National Issues Forum.6 October 2015. http://www.nifi.org/


News Batch. 6 October 2015. http://www.newsbatch.com


*Political Bulletin. US News and World Report. 22 May 2010.


*Political Cartoons. 6 October 2015. http://www.politicalcartoons.com


Politico.6 October 2015. http://www.politico.com


PolitiFact.com.6 October 2015. http://www.politifact.com


Polling Report.6 October 2015. http://www.pollingreport.com/


Preamble to the U.S. Constitution. U.S. Constitution Online. 6 October 2015. http://www.usconstitution.net/xconst_preamble.html


ProCon of Controversial Issues. ProCon.org. 6 October 2015. http://www.procon.org/


Public Agenda.6 October 2015. http://www.publicagenda.org/


*Real Clear Politics. 6 October 2015. http://www.realclearpolitics.com


The Republican National Committee. 6 October 2015. http://www.gop.com/


Rhee, Foon. “Measuring, influencing public opinion on health care.” Boston Globe. 16 Nov. 2009. 22 May 2010.


The Role of Political Parties. America.gov. 22 May 2010.


Seelye, Katharine. “Competing Ads on Health Care Plan Swamp the Airwaves.” New York Times. 6 October 2015. http://www.nytimes.com/2009/08/16/health/policy/16ads.html?scp=15&sq=health%20care%20reform%20public%20awareness&st=cse


*Teachers’ Curriculum Institute. Government Alive! Power, Politics, and You. Palo Alto, CA: TCI, 2009.


Thomas. The Library of Congress. 6 October 2015. http://thomas.loc.gov/


“Two Steps Forward, One Step Back: the Family Medical Leave Act as Retrenchment Policy.” The Review of Policy Research. 22 March 2003. 6 October 2015. http://goliath.ecnext.com/coms2/gi_0199-2688511/Two-steps-forward-one-step.html


United States House of Representatives. 6 October 2015. http://www.house.gov/


United States Senate. 6 October 2015. http://www.senate.gov/


Teacher Resource

*Asher, Lauren J. and Donna R. Lenhoff. “Family and Medical Leave: Making Time for Family is Everybody’s Business.” Future of Children. 22 May 2010.


*“Bush May Veto Family Bill.” May 7, 1990. LA Times. 6 October 2015. http://articles.latimes.com/1990-05-07/news/mn-265_1_family-values


*“Bush Vetos Bill on Family Leave.” June 30 1990. New York Times. 6 October 2015. http://www.nytimes.com/1990/06/30/us/bush-vetoes-bill-on-family-leave.html


*The Daily Show. Comedy Central. 6 October 2015. http://www.thedailyshow.com/


Daryl Cagle’s Professional Cartoonists Index. Cagle.com. 6 October 2015.



*The Dennis Miller Show. 6 October 2015. http://www.dennismillerradio.com/


Directory of US Political Parties. Ron Gunzburger’s Politics 1.com. 6 October 2015. http://www.politics1.com/parties.htm


*Editorial: Family Leave – A Ruling for Fairness. May 29 2003. Cincinnati Enquirer. 6 October 2015. http://www.enquirer.com/editions/2003/05/29/editorial_FamilyLeave.html


*“Elections: The Maintenance of Democracy.” Democracy in America. Annenberg Foundation. 6 October 2015. http://www.learner.org/courses/democracyinamerica/dia_14/


*Employers’ Perspective. The Family Medical Leave Act. ENotes.com. 6 October 2015. http://www.enotes.com/everyday-law-encyclopedia/family-and-medical-leave-act-fmla#employers-perspective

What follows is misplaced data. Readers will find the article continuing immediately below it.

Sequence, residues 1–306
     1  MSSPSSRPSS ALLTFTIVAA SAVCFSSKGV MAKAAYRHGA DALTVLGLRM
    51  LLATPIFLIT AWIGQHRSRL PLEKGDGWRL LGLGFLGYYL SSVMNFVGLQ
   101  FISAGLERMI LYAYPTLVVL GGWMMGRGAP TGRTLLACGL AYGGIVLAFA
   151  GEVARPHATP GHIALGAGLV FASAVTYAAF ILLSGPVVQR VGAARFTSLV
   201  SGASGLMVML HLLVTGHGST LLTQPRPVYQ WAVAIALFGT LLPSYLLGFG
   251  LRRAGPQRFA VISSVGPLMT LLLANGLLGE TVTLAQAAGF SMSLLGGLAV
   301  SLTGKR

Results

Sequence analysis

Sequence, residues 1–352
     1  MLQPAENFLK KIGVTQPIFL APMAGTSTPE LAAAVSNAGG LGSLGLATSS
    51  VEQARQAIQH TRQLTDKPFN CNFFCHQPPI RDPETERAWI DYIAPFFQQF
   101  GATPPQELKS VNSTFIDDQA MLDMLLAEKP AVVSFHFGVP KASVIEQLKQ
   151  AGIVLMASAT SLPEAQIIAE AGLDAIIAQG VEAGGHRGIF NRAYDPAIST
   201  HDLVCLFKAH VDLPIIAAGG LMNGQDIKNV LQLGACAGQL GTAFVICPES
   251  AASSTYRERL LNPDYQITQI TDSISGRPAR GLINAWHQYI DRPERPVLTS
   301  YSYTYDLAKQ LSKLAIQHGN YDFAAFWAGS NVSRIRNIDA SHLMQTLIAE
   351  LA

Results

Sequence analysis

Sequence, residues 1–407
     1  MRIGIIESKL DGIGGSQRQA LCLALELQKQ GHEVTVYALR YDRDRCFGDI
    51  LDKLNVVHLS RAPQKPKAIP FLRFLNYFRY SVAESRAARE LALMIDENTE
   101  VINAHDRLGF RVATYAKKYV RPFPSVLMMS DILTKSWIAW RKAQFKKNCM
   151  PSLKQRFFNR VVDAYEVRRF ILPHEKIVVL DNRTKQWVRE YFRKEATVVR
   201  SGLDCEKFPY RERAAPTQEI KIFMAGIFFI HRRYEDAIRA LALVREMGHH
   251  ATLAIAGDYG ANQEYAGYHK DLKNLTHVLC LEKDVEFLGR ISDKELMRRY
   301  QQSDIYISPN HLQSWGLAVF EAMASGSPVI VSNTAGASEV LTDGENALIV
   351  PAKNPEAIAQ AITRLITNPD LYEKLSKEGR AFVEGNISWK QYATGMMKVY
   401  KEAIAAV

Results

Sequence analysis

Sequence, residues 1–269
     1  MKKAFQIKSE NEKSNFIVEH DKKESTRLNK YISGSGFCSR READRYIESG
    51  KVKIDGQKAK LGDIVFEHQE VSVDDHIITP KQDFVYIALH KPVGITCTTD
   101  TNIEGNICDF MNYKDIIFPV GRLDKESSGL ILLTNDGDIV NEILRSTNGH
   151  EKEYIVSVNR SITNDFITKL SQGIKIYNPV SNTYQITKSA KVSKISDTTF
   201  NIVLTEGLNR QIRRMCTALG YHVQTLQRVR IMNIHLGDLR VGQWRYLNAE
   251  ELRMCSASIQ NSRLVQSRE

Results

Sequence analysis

*The Family Leave Bill Could Stick this Time. October 28 1991. Business Week .6 October 2015. http://www.businessweek.com/archives/1991/b323734.arc.htm


*In Family Leave Case, Supreme Court Steps Back Into Federalism Debate. Jan. 12 2003. New York Times. 6 October 2015. http://www.nytimes.com/2003/01/12/politics/12SCOT.html


The Family Medical Leave Act. 29 USCS §§ 2601 - § 2654 (2005). National Partnership for Women and Families. 6 October 2015. http://www.nationalpartnership.org/site/DocServer/FMLAstatute.pdf?docID=964


*The Family and Medical Leave Issue: Small Business Reactions. Nicholls State University. 22 May 2010.


Harry and Louise on Clinton’s Healthcare Plan. YouTube. 6 October 2015. http://www.youtube.com/watch?v=Dt31nhleeCg


Harry and Louise Return. YouTube. 6 October 2015. http://www.youtube.com/watch?v=RGvkZszS21Y&feature=related


Harry and Louise are Back. YouTube. 6 October 2015. http://www.youtube.com/watch?v=e3Y3JVitUcs&feature=channel


*Hamilton, Lee. How Congress Works and Why You Should Care. Bloomington, IN: Indiana University Press, 2004.


I’m Just a Bill. School House Rock. YouTube.com. 22 May 2010.


*Janda, Berry, Goldman. The Challenge of Democracy, 8th Edition. Houghton Mifflin Company: Boston, 2005.


*“Legislatures: Laying Down the Law.” Democracy in America. Annenberg Foundation. 6 October 2015. http://www.learner.org/courses/democracyinamerica/dia_6/


*Letter to US Department of Labor about The Family Medical Leave Act. National Partnership for Women and Families. 6 October 2015. http://www.nationalpartnership.org/site/DocServer/FMLALettertotheDOL.pdf?docID=961


*Milton C. Cummings, Jr. and David Wise. Democracy Under Pressure: An Introduction to the American Political System, 10th Edition. Thompson Higher Education: Belmont, CA, 2005.


*Monk, Linda R. The Words We Live By: Your Annotated Guide to the Constitution. Hyperion: New York, 2003.


*News. US Department of Energy. 22 May 2010.